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Quality Wins: Big Blue Primary States and The Fall

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2011 bcs rankings The Use of BCS Standings

The BCS is the most hated of all arbiters because it uses a formula for ranking college football teams that is guaranteed to offend everyone.

One of the key variables in that formula is “quality wins.”
(Here’s a longer read on “quality wins.”)

Another is strength of schedule.

The most important factor, though, is number of wins.

Thus does the BCS weigh quality, quantity and overall effort in deciding who plays for the national championship.

So too do GOP voters looking for the strongest nominee to take on the president in the fall have to weigh a lot of variables, and especially the candidates’ record in winning elections in this season with these issues and against this field.

Primary victories are more meaningful than caucus wins. Primaries are more like general elections in the states in the fall.

Blue state wins are more meaningful than red state wins. The GOP is going to hold on to all the red states John McCain won in 2008, but it needs to flip some blue states to red in order for its nominee to win.

Big blue state primaries mean more than little blue state primaries. Florida and Michigan are big blue primary states. New Hampshire and Nevada are little blue primary states.

Blue caucus states like Iowa, Colorado and Minnesota are more important than red caucus states by far, and I think more important than deep red primary states like South Carolina.

Rick Santorum’s very good night last night shook up the GOP ratings by placing him in a very clear second-place position to Mitt Romney.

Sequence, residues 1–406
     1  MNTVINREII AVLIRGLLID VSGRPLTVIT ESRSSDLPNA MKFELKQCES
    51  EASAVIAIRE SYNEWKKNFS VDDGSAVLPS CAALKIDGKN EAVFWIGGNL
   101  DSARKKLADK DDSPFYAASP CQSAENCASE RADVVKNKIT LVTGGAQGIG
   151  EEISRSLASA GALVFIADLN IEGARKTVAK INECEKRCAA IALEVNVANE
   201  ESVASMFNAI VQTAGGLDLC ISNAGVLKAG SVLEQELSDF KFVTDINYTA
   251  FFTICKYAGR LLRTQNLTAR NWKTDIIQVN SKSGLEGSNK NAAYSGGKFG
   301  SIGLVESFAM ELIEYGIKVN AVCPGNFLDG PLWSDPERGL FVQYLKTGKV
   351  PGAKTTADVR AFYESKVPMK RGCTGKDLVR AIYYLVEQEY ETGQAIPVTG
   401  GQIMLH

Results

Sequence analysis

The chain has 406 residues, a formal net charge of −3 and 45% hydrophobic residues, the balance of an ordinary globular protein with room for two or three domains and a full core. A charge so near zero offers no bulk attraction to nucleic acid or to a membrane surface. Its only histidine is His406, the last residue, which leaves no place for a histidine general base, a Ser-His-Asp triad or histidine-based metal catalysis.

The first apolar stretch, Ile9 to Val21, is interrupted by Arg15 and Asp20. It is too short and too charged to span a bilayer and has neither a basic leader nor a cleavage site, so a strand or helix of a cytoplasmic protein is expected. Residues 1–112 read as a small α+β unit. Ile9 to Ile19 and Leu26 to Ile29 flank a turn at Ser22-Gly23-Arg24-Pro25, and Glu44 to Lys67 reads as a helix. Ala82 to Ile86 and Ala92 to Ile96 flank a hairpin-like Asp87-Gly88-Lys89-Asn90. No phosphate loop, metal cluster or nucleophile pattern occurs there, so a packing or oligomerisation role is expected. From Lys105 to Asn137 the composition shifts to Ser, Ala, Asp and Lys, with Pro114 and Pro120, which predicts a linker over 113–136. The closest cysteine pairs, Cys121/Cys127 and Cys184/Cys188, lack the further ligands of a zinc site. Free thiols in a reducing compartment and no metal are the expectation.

Romney has three-and-a-half wins to date, and one of them –Florida– was a big blue state.

Rick Santorum has three-and-a-half wins to date, but three of them are in caucus states, and one of them doesn’t mean much more than a Cleveland Browns preseason win. (I refer to the Missouri whatever it was.)

Newt has one primary win in the state most likely to go Republican in the fall, so it tells us almost nothing about his electability going forward.

Which brings us to Michigan and Arizona on February 28, Washington on March 3, and the 10 states voting on Super Tuesday
, especially Ohio, which like Michigan is a “big blue primary state,” and Virginia, which is another “big blue primary state.”

If, as expected, Romney adds Michigan and Virginia to his Florida wins, then he will have won three of the four “big blue primary states” voting on or before Super Tuesday, the equivalent of beating three top 10 rivals in the regular season.

The only place to really make a meaningful challenge to Romney is, as has been argued here for weeks, in Ohio on March 6. If Rick Santorum or Newt Gingrich can beat Romney in the Buckeye State, it will be a long campaign. If Romney wins in Ohio after previous wins in Florida, Michigan, Virginia and the two “little blue states” of New Hampshire and Nevada, the nomination campaign should be over for the benefit of everyone and especially the party’s chances of winning in the fall.

Rick Santorum’s very good night last night got him in a position to make the ask in Arizona and Ohio. He will now get hammered there by Mitt and Newt and the super Pacs for both men, and he will hammer back in response. Santorum’s tenacity doesn’t surprise anyone who has watched his career in big blue state PA, and because of it he is the improbable finalist in the GOP nominating process.

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